How Active Shooter Drills Became a Big (and Possibly Traumatizing) Business

As kids prepare for the next mass shooting, experts say high-tech surveillance, tactical gear, and live drills are doing more harm than good

Adam K. Raymond
Published in
12 min readSep 12, 2018
Aug. 16, 2018 — An active shooter drill in a Los Angeles high school. Photo by Ronen Tivony/NurPhoto via Getty Images

OnOn August 3, just after 8 a.m., a gunman in a green hoodie, dark sunglasses, and a camouflage face mask quietly entered Boyle County High School, located outside Danville, Kentucky. He dropped a small explosive by a side door, entered the cafeteria, and began firing rounds from his shotgun.

Bodies piled up as he moved methodically through the hallways, squeezing the trigger, taking 10 steps, squeezing again. By the time local law enforcement shot and killed him, dozens of motionless bodies were strewn across the tile floor, their clothes soaked with blood.

Fortunately, none of the injuries were real. Not the bullets. Not the bomb. Boyle County High School was the site of an active shooter drill, one of many similar trainings held at schools across the country that aim to prepare teachers, students, and, in some cases, first responders for the worst.

The percentage of public schools running such drills, which include everything from extravagant Michael Bay–style productions to low-key lockdowns, was nearly 95 percent in 2015–2016, according to the National Center for Education Statistics. And that was before 17 students were killed in February at Stoneman Douglas High School in Florida.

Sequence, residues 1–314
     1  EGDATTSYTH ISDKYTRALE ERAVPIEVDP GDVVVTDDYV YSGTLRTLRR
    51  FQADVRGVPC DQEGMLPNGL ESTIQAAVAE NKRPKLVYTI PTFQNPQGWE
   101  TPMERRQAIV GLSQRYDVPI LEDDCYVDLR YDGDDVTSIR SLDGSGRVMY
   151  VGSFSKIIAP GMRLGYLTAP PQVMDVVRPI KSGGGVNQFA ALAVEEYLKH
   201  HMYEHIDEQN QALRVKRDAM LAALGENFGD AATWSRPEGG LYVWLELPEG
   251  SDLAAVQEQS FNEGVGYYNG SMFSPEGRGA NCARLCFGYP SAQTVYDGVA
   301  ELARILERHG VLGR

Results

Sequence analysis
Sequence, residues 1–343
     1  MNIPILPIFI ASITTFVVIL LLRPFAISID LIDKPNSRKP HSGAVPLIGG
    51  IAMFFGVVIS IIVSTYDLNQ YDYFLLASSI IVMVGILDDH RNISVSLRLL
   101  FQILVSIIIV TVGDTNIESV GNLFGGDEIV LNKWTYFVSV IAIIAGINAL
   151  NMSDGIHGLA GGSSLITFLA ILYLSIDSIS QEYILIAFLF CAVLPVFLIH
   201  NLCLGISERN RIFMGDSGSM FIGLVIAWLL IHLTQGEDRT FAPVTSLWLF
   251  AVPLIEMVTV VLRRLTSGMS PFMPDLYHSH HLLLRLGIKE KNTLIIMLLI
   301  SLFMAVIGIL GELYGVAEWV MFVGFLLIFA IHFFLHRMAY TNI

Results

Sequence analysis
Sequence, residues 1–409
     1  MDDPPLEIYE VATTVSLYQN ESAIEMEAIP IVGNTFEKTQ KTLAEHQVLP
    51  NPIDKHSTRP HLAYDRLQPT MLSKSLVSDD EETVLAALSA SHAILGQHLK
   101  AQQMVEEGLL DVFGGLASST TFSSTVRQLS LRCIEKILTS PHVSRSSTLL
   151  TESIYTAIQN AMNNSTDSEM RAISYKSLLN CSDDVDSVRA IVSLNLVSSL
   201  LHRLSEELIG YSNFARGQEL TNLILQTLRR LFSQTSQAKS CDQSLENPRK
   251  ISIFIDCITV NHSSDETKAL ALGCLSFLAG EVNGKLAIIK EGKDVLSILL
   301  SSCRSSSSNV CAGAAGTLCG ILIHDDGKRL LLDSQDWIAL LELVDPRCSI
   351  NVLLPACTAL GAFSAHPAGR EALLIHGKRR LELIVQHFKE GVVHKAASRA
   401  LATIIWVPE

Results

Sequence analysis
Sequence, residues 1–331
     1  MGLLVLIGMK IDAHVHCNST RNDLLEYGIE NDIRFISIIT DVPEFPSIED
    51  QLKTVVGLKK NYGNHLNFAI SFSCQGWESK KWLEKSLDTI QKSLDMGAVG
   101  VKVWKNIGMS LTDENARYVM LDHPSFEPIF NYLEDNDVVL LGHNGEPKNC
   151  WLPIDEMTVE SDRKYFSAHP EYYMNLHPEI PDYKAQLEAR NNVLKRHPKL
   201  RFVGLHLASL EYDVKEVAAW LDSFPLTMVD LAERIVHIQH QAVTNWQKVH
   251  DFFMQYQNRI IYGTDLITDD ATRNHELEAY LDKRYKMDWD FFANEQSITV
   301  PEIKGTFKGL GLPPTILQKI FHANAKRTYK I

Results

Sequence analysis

Within months, Iowa, Florida, and South Carolina had all passed laws mandating such drills in schools, joining six other states that already had similar laws on the books. Business is booming for ALICE Training, the leader in active shooter defense instruction, which just opened a new headquarters in Ohio. For $589, the company puts individuals through two days of classes, then sends them back to their school or place of work to train everyone else. Its customers include some 4,000 K-12 schools and nearly 1,000 higher-education institutions, making it the biggest (but not the only) company providing the service.

The push to protect schools from mass shooters, and to make a buck off the hysteria around them, has also…



Adam K. Raymond
Writer for

A writer in Louisville, Kentucky.